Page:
Luxner News Inc, Stock Photos of Latin America & the Caribbean
 

Article Search

Georgetown receives Carnegie grant to expand diplomatic studies
Diplomatic Pouch / February 4, 2016

By Larry Luxner

Georgetown University’s Edmund A. Walsh School of Foreign Service (SFS) has received a nearly $840,000 grant from New York-based Carnegie Corp. to fund the school’s 97-year-old mission to connect academia and the global policy world.

Two institutions within SFS will share the grant, “From Scholar’s Theory to Practitioner’s Work, and Back” — the Institute for the Study of Diplomacy (ISD) and the Mortara Center for International Studies. The goal: to help Georgetown expand the understanding and application of diplomacy as a critical tool of national policy.

“Our initial mission was to bridge the gap between academic theory and the world of the practitioner,” said ISD Director Barbara K. Bodine, a former U.S. ambassador to Yemen. “Part of that is educating the next generation of diplomats and policymakers, and one of the core tools to do that is by bringing forward the lessons, experiences and realities of how diplomacy has been done.”

Bodine told the Diplomatic Pouch that Carnegie’s two-year grant will allow ISD to update the online library of 230 case studies it’s maintained since the early 1990s.

“There’s a certain amount of on-the-job training that goes with diplomacy,” she said. “The idea is to capture the experience and expertise of senior practitioners who are involved in critical issues, and put them into a format that is accessible to instructors and students well outside the Beltway, and overseas.”

These case studies include, for example, a paper on the Balkans by Ivo Daalder, president of the Chicago Council on Global Affairs and former U.S. permanent representative to NATO, and another on Somalia by Ryan Crocker, former U.S. envoy to Afghanistan, Iraq and Pakistan.

“We would also be very interested in case studies written by non-Americans,” Bodine told us. “We are literally building a library, not by buying books but by creating knowledge. It’s a way of being able to capture what works, what didn’t work, how do you do it and who does it, in a way that’s academically rigorous but very professionally relevant.”

Bodine, who’s headed ISD for the last 18 months, spent 30 years in the U.S. Foreign Service, including a stint as Washington’s envoy to Yemen from 1997 to 2001.

She also served as deputy principal officer in Baghdad during the Iran-Iraq War, in Kuwait as deputy chief of mission during the Iraqi invasion of 1990-91, and again in Iraq in 2003 as the senior State Department official and the first coalition coordinator for reconstruction in Baghdad and the central governorates.

Before joining Georgetown’s SFS, Bodine taught and directed policy task forces and workshops on U.S. diplomacy in the Persian Gulf region —including Iraq and Yemen — for seven years at Princeton University’s Woodrow Wilson School of Public and International Affairs.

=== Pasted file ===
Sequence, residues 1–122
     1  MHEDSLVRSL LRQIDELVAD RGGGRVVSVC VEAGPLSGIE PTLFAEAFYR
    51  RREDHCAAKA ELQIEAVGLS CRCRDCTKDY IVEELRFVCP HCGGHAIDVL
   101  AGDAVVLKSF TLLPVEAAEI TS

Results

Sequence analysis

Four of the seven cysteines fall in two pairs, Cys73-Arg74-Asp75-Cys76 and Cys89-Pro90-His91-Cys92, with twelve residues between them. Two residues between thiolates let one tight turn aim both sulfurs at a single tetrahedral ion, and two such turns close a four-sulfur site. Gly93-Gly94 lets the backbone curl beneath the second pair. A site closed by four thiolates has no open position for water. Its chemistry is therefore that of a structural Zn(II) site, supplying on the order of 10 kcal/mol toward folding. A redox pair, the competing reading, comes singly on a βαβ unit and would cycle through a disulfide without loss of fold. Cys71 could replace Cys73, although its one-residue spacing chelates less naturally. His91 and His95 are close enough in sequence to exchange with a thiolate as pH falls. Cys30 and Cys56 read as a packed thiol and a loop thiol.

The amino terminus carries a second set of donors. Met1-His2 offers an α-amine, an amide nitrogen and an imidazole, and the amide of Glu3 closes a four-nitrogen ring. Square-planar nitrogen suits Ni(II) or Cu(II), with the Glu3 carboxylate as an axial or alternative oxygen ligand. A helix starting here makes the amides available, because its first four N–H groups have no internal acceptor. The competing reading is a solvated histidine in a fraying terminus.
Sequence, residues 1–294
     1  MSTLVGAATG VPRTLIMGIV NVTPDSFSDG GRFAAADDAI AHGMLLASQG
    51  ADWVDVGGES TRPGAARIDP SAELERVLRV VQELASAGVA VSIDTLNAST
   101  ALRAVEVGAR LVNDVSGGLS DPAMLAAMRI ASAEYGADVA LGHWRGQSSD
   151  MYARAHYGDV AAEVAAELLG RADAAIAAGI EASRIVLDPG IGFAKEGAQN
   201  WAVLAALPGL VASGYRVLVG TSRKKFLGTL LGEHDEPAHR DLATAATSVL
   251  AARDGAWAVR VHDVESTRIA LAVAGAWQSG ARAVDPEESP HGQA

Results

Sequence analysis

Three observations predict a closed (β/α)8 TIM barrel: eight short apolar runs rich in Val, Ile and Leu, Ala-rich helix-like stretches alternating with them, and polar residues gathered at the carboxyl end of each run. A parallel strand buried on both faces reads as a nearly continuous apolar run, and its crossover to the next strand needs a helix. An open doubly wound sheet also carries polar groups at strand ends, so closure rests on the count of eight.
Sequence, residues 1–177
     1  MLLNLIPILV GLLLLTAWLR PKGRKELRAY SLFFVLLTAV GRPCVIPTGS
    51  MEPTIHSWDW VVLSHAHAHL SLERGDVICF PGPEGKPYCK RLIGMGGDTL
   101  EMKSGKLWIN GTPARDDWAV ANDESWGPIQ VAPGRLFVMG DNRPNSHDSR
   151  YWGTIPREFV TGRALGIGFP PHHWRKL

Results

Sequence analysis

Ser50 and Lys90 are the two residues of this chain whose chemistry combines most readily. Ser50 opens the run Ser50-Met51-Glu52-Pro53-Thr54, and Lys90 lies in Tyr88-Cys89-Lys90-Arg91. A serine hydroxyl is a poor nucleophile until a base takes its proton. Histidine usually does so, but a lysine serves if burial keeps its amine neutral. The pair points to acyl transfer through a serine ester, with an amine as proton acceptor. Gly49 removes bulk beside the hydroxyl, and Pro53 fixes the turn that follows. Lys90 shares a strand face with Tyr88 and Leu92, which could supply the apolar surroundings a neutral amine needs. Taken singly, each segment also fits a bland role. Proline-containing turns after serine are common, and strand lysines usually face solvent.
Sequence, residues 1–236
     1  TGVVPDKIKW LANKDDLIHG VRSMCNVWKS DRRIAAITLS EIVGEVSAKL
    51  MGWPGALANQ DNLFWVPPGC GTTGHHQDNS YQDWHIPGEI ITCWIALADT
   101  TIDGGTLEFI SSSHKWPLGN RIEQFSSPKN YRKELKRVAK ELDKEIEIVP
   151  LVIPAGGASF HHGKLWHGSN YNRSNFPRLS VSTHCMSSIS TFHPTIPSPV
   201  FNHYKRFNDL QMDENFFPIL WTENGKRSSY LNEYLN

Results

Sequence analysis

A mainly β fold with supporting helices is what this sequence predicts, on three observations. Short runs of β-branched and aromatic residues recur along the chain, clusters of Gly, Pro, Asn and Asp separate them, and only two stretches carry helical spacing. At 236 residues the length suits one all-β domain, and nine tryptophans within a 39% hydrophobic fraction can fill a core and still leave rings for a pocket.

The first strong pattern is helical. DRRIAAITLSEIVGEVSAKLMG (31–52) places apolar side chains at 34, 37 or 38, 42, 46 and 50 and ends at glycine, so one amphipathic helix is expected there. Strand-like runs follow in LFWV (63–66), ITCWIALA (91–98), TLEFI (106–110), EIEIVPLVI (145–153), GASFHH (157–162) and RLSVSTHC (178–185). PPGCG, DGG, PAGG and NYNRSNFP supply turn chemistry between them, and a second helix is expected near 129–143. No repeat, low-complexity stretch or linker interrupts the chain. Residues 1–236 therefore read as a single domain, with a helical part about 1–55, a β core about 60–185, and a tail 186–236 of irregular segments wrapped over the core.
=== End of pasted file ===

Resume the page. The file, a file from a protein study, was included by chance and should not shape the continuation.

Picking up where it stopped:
“In the last year we’ve certainly seen the power and importance of diplomacy. If we’re going to move this forward, we must have a body of knowledge that can be shared,” she said, adding that “it’s one thing to have me or some other senior diplomat teaching classes, and that’s wonderful. But if you’re in California or Idaho or Wyoming, you don’t have the kind of access to real practitioners that students have here.”

In addition to the case studies, the Carnegie grant will fund a series of scholar-practitioner working groups hosted by ISD that will make viable recommendations to policymakers, as well as the creation of a Mortara Center post-doctoral fellows program to fund junior scholars who will explore global challenges and communicate their findings to the broader public.

“The idea is to bring back academics and people from think tanks who look not just at the most immediate issues but those looming over the horizon that we really need to focus on and try to get ahead of, so we’re not just reacting to the most recent crisis but we’re able to anticipate them,” Bodine said.

Finally, the grant will enhance the popular Monkey Cage blog published by the Washington Post and co-edited by Georgetown professor Erik Voeten. It’ll also support the online journal Research & Politics, a new academic journal which publishes short articles freely accessible to anyone with an Internet connection.

“Georgetown University and the School of Foreign Service have as part of their very DNA the mission to connect the best scholarship with the practicalities of the modern world,” SFS Dean Joel Hellman said in a press statement. “We are uniquely positioned, and located, to continue to play this role. The Carnegie grant will allow both ISD and the Mortara Center to expand their work on campus and their outreach to a broader community of students, academics and practitioners.”

Luxner News Inc, PO Box 938521 - Margate, FL 33093 USA tel=301.365.1745 fax=301.365.1829 email=larry@luxner.com web site design washington dc